# Searching and Binary Search

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Searching refers to finding an item in a data structure. The item may or may not actually exist. For example, find a number in an array of integers.

In this article we'll be focusing on searching linear data structures like arrays, and then in the tree and graph sections, you'll expand on the concepts learned here binary search trees, depth first search, and breadth first search.

## Cheat Sheet

Big O Complexity | |
---|---|

search (sorted) | O(log n) |

search (unsorted) | O(n) |

**Searching in Interviews**

- Unique binary search examples (ex. rotated array, sparse array, no max size)
- Compare multiple sorted arrays (ex. find median of two sorted arrays)
- Search a matrix
- Find duplicates

## Linear Search

Linear search is a naive and brute force approach to finding an item in a data structure. However, sometimes it's the only option we have. We use linear search when we can make no assumptions about the sort or ordering of data, so items can be randomly dispersed and located at any location.

To perform a linear search, you start at the first spot and iterate through the data one-by-one until you find the item you are looking for.
Since we would be required to visit every item in the worst case, it takes *O(n)* time.

## Binary Search

Binary search is basically searching with super powers and gives us *O(log n)* time.

The most important constraint for binary search to work: **the data must be sorted**.

Since our items are ordered, this additional information allows us to be intelligent about how we look for items. Let's imagine a sorted array. If we picked any random item from the list, let's say the middle item, and we compare it to the target we're looking for. If the target is smaller than the random item we pick, we know it must be to the left since the array is sorted. If the target is larger than the random item we pick, we know it must be to the right.

This is the foundation of binary search. We take our input and check the middle item. We can eliminate half the array if our target is larger or smaller. Then with the remaining items, we repeat this process. We take the middle item of this group and compare it with our target and can eliminate half of the remaining items again. This process is repeated until the target is found.

With every step, we eliminate half of the items in the array.
This is how we get *O(log n)* time with binary search.

We are able to find our target in 3 moves even though the input size is 8.

If we increase the input size to 16, it would only take 5 moves for binary search to find the last item, but a linear search would need to visit all `n`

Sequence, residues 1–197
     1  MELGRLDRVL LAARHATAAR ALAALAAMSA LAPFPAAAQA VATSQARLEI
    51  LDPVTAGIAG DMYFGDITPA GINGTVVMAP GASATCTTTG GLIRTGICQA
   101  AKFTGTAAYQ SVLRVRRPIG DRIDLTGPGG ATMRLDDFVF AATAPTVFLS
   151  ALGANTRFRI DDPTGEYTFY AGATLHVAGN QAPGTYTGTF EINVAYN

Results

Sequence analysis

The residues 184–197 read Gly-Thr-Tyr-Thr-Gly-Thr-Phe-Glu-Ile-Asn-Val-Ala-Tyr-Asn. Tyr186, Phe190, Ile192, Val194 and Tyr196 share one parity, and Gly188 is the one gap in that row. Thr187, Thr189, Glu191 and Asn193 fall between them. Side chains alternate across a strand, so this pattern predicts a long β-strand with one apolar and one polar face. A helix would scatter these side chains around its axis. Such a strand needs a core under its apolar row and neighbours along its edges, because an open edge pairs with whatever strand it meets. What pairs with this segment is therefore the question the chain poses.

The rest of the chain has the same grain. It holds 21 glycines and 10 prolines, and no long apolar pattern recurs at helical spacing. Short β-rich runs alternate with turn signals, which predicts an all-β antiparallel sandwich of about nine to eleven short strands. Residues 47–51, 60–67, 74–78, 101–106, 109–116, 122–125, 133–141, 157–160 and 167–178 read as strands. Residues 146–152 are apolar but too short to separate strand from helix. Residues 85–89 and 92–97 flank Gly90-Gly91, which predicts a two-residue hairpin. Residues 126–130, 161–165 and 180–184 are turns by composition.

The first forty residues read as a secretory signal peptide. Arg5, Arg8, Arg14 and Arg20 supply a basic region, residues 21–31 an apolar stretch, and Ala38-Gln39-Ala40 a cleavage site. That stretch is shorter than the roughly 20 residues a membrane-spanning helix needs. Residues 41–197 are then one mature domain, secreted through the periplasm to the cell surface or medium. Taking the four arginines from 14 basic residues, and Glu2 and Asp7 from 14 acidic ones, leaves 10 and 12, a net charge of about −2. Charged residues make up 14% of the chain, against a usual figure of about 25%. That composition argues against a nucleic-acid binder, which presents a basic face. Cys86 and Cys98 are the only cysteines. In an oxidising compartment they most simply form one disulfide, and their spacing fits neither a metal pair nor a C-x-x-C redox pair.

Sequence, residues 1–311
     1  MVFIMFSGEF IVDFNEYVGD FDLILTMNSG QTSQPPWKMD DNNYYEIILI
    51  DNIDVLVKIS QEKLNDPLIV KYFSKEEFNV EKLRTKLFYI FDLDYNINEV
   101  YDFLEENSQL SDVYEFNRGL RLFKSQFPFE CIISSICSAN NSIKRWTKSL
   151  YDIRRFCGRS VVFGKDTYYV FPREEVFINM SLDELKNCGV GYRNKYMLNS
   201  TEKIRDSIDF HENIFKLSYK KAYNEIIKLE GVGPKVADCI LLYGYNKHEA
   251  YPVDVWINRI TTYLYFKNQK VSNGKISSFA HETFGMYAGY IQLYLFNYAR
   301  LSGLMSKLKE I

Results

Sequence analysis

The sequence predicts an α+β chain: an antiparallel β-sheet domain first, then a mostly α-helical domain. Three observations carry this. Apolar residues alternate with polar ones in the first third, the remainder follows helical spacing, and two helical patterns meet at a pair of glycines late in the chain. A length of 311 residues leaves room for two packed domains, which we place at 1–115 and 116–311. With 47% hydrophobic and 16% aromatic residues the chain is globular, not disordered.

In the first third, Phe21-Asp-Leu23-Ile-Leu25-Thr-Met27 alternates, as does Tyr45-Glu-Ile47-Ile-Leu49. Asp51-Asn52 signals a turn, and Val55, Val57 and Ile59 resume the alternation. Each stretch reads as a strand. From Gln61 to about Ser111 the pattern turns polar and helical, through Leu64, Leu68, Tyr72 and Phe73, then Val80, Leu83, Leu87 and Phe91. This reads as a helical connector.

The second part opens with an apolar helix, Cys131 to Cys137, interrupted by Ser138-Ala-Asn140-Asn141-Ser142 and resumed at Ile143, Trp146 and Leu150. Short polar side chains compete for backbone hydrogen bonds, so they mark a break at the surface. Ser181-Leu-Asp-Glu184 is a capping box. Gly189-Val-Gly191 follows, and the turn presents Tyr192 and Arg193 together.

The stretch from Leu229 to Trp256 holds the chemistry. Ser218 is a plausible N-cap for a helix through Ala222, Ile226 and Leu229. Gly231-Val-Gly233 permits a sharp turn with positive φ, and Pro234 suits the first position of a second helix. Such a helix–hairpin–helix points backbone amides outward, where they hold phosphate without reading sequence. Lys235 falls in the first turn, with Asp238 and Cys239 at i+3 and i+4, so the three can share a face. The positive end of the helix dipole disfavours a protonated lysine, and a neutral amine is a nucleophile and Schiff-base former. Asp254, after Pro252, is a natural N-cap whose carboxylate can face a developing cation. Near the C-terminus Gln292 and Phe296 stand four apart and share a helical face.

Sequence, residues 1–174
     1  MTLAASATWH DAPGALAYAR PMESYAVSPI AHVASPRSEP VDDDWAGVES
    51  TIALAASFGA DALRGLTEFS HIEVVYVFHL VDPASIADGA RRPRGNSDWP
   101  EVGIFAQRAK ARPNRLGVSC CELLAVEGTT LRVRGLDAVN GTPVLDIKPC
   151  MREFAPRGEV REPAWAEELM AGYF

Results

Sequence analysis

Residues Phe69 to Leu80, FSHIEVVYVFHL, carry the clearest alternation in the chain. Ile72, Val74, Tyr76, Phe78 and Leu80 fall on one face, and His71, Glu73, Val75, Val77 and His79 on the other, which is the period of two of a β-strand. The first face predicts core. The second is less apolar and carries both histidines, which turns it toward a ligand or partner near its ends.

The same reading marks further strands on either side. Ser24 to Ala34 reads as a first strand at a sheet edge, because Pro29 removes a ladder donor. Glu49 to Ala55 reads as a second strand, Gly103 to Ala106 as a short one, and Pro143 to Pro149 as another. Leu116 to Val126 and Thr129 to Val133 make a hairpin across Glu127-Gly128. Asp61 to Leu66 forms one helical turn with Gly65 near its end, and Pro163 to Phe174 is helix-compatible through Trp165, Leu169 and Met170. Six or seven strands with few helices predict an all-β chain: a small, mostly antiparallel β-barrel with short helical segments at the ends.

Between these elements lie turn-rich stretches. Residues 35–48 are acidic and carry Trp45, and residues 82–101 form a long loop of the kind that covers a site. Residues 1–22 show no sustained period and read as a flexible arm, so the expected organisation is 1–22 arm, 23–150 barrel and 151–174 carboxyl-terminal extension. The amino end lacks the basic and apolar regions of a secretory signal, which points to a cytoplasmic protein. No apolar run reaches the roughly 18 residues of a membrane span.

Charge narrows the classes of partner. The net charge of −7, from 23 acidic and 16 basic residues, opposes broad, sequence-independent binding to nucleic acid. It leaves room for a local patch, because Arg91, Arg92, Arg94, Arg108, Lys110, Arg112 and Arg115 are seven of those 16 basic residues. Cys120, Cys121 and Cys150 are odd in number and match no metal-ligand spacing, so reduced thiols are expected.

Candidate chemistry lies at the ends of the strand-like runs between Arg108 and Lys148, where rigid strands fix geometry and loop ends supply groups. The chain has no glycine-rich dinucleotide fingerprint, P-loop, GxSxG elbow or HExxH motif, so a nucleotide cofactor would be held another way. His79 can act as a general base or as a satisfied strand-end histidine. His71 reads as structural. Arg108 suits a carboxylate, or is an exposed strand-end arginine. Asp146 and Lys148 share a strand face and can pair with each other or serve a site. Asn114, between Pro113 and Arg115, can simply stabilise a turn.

items.

When we compared binary search to linear search in the logarithms article, we saw that binary search still stays very small at large input. For example, at 1048576 it still only takes 20 operations to find a target.

input size n | O(n) | O(log n) |
---|---|---|

2 | 2 | 1 |

4 | 4 | 2 |

8 | 8 | 3 |

16 | 16 | 4 |

... | ... | ... |

1024 | 1024 | 10 |

2048 | 2048 | 11 |

4096 | 4096 | 12 |

... | ... | ... |

1048576 | 1048576 | 20 |

Below is the code to implement a binary search iteratively. We track a start and end number for the bounds, which is initially the entire array. Then when we determine which half our target must be in, we eitner move the lower bound up or the high bound down to the midpoint which eliminates half the items.

We can implement it iteratively as follows:

```
// Iterative Binary Search
function iterativeBinarySearch(array, target) {
let lowerBound = 0;
let upperBound = array.length - 1;
while (lowerBound <= upperBound) {
const midpointIndex = Math.floor((lowerBound + upperBound) / 2);
const midpointItem = array[midpointIndex];
if (target === midpointItem) {
return midpointIndex;
}
if (midpointItem < target) {
lowerBound = midpointIndex + 1;
} else if (midpointItem > target) {
upperBound = midpointIndex - 1;
}
}
return -1;
}
```

Binary search also has a nice recursive solution:

```
// Recursive Binary Search
function recursiveBinarySearch(array, target, lowerBound, upperBound) {
// Base case 1: element not found
if (lowerBound > upperBound) {
return -1;
}
const midpointIndex = Math.floor((lowerBound + upperBound) / 2);
const midpointItem = array[midpointIndex];
// Base case 2: target found
if (midpointItem === target) {
return midpointIndex;
}
// Recursive case: tighten your bounds based on target location
if (midpointItem < target) {
return recursiveBinarySearch(array, target, midpointIndex + 1, upperBound);
}
if (midpointItem > target) {
return recursiveBinarySearch(array, target, lowerBound, midpointIndex - 1);
}
return -1;
}
```

## Additional Resources

Binary search can be understood best visually.

If you need some additional practice or want to prove to yourself that it will always converge on the target, you can use the resources below. I also recommend creating some arrays and walking through binary search by hand.

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